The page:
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An Awfully Big Adventure Paperback – Feb 6 2003


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Product Details

  • Paperback: 208 pages
  • Publisher: Abacus (Feb. 6 2003)
  • Language: English
  • ISBN-10: 0349116156
  • ISBN-13: 978-0349116150
  • Product Dimensions: 12.6 x 19.8 cm
  • Shipping Weight: 181 g
  • Average Customer Review: 4.1 out of 5 stars  See all reviews (8 customer reviews)
  • Amazon Bestsellers Rank: #525,236 in Books (See Top 100 in Books)


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Customer Reviews

4.1 out of 5 stars
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Most helpful customer reviews

Format: Paperback
Stella that I could relate to. It's a quick read and definitely worth picking up. It's a very secretive book, much like its heroine. She's a strange one.
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By sweetmolly on Jan. 23 2002
Format: Paperback
This spare little (205 pages) novel doesn't waste a word, yet signifies volumes. The highly honored Ms. Bainbridge, winner of the prestigious Whitbread Prize and short-listed (six times!) for the Booker Prize amply displays what all the fuss is about. She is that good.
The book is hard to categorize. It isn't a coming-of-age, a psychological thriller, a dazzling Peter Pan parable; it is all these things and more.
Stella raised in blue-collar, post WWII Liverpool is a troubled and troubling 15-year old who determinedly washed out of school and has been fixed up as a "student" (read gofer) at a provincial repertory company. She has no particular acting ambitions, but is certain she would be very good at it. We get a many-sided view of Stella; as she sees herself and as she is perceived by the people around her. Every scene and every word of dialogue interlocks like a jeweled timepiece. The reader is almost unaware of the ever-increasing momentum until it crashes upon you in a chilling finale. You think Ms. Bainbridge is through with you, but not quite. Just when you think you are utterly and completely emotionally drained, Ms. Bainbridge delivers a final twist, and now you know you are. I was left stunned.
An excellent example of fine prose. Highly recommended.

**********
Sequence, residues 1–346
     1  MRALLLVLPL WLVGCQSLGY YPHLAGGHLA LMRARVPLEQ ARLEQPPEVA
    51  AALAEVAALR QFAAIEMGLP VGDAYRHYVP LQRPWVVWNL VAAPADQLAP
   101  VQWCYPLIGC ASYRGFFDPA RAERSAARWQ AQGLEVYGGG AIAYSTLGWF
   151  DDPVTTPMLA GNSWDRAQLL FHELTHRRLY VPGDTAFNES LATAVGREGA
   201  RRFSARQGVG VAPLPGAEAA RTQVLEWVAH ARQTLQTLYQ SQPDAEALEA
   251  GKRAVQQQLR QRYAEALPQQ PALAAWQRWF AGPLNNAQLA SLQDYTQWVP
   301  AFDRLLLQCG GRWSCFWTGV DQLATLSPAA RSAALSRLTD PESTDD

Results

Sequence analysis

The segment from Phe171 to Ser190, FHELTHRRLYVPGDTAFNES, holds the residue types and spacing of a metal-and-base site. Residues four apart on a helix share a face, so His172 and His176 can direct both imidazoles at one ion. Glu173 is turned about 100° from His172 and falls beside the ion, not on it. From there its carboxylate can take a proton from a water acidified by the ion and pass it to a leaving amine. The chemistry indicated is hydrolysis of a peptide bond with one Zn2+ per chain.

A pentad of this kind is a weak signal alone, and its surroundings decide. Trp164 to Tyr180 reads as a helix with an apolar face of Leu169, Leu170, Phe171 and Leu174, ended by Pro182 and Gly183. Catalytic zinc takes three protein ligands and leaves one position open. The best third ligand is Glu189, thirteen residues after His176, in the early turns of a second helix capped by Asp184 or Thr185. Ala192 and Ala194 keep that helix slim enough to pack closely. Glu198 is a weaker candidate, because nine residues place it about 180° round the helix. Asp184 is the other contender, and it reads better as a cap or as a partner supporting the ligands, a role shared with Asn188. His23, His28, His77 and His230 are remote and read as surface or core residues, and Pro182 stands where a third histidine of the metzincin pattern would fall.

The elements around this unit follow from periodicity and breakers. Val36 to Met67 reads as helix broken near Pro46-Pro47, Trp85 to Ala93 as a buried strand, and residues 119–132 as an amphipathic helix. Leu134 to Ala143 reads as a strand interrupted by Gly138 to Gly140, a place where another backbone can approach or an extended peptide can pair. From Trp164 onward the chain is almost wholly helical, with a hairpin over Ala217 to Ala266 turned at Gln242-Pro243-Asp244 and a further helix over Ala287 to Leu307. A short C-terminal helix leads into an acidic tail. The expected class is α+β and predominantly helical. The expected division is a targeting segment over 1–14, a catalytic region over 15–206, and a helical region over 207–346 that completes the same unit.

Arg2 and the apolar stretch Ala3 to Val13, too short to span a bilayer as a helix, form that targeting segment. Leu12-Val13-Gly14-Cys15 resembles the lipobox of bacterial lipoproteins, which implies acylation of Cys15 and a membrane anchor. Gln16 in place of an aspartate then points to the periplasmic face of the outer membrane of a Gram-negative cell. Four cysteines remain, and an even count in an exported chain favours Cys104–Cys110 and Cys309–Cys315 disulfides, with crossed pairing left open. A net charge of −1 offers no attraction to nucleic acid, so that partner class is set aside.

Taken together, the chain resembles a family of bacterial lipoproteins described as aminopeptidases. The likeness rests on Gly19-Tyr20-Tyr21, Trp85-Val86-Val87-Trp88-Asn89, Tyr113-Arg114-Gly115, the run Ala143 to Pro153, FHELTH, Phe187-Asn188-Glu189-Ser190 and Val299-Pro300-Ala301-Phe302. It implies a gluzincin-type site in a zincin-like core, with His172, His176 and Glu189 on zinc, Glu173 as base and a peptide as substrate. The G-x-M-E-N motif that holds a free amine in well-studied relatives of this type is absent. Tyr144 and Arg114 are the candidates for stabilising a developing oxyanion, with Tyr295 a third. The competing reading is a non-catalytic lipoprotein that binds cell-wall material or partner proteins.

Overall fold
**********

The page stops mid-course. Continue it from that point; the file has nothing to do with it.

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Format: Paperback
This is a phenomenal book- but it is crucial to approach it with the right mindset. This is not a light comedy, or a fantasy about the joys and agonies of growing up. The laughs to be found here are dark, and the story is painful and disturbing. It is also deeply powerful and moving, full of richly created characters and brilliantly subtle parrallels to J.M. Barrie's classic play, "Peter Pan." Do not open this one expecting anything easy, but do expect to be moved if you are willing to lose yourself inside. Highest possible recommendation.
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Format: Paperback
This dark and dreary book set in post war Liverpool(mid-50s) is really drawn out and confusing. The story is that of Stella, a sixteen year old actress, as she learns the hard way where acting stops and reality begins. She chases the director, and in trying to get his love, romances an aging actor who turns out to be her father. Tha characters are poorly developed past names, except for Stella, but she unfortunately, is hard to follow. She doesn't act normally, and the reader is left to puzzle over her. Near the end of the novel, we find that she was abandoned by her mother as a baby and is left with the deep physcoloical scars. This book loses the reader on page one, making it hard for the reader to want to fumble through it.
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